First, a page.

The Federal Reserve Board has announced several initiatives intended to provide additional support to financial markets, including enhancements to its existing liquidity facilities.
‘In close collaboration with the Treasury and the Securities and Exchange Commission, we have been in ongoing discussions with market participants, including through the weekend, to identify potential market vulnerabilities in the wake of an unwinding of a major financial institution and to consider appropriate official sector and private sector responses,’ states Federal Reserve Board Chairman Ben S. Bernanke. ‘The steps we are announcing today, along with significant commitments from the private sector, are intended to mitigate the potential risks and disruptions to markets.’
‘We have been and remain in close contact with other U.S. and international regulators, supervisory authorities, and central banks to monitor and share information on conditions in financial markets and firms around the world,’ he adds.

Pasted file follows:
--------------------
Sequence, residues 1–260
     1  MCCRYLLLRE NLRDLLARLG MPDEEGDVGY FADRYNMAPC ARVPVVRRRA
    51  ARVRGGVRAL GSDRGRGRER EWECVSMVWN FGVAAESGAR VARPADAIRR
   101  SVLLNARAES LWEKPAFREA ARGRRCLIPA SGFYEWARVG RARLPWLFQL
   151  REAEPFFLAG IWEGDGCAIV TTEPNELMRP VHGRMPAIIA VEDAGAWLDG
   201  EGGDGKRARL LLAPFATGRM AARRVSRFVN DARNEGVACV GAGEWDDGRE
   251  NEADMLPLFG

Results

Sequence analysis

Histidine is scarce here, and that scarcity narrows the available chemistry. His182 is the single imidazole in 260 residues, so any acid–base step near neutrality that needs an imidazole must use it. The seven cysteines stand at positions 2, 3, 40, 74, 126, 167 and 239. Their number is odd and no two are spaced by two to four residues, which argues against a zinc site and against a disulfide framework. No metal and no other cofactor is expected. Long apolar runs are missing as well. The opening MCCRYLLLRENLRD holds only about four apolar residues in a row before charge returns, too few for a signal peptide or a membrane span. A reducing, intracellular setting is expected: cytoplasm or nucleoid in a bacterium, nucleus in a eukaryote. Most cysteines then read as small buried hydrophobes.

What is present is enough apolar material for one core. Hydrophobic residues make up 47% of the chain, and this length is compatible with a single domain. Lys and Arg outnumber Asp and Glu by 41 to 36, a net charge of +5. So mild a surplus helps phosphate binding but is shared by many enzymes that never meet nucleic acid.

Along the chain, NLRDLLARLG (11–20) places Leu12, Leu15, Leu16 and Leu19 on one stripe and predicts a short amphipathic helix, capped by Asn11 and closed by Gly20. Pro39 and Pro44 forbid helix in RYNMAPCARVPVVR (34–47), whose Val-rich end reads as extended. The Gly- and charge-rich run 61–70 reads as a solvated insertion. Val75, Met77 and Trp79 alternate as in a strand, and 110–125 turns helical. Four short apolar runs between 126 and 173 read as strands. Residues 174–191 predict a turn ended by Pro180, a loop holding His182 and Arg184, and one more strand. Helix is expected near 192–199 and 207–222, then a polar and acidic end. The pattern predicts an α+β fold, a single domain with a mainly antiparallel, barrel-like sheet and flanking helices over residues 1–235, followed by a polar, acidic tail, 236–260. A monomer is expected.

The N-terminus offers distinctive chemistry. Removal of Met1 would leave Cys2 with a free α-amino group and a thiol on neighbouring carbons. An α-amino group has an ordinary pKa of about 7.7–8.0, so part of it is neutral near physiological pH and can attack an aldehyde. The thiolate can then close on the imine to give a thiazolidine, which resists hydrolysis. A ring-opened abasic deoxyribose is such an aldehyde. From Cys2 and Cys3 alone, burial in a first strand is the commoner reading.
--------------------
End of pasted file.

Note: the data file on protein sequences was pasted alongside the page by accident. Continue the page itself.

The collateral eligible to be pledged at the Primary Dealer Credit Facility (PDCF) has been broadened to closely match the types of collateral that can be pledged in the tri-party repo systems of the two major clearing banks. Previously, PDCF collateral had been limited to investment-grade debt securities.
The collateral for the Term Securities Lending Facility (TSLF) also has been expanded; eligible collateral for Schedule 2 auctions will now include all investment-grade debt securities. Previously, only Treasury securities, agency securities, and AAA-rated mortgage-backed and asset-backed securities could be pledged.
Also, Schedule 2 TSLF auctions will be conducted each week; previously, Schedule 2 auctions had been conducted every two weeks. In addition, the amounts offered under Schedule 2 auctions will be increased to a total of $150 billion, from a total of $125 billion. Amounts offered in Schedule 1 auctions will remain at a total of $50 billion. Thus, the total amount offered in the TSLF program will rise to $200 billion from $175 billion.
The board also adopted an interim final rule that provides a temporary exception to the limitations in Section 23A of the Federal Reserve Act. It allows all insured depository institutions to provide liquidity to their affiliates for assets typically funded in the tri-party repo market. This exception expires January 30, 2009, unless extended by the board, and is subject to various conditions to promote safety and soundness.
Source: Federal Reserve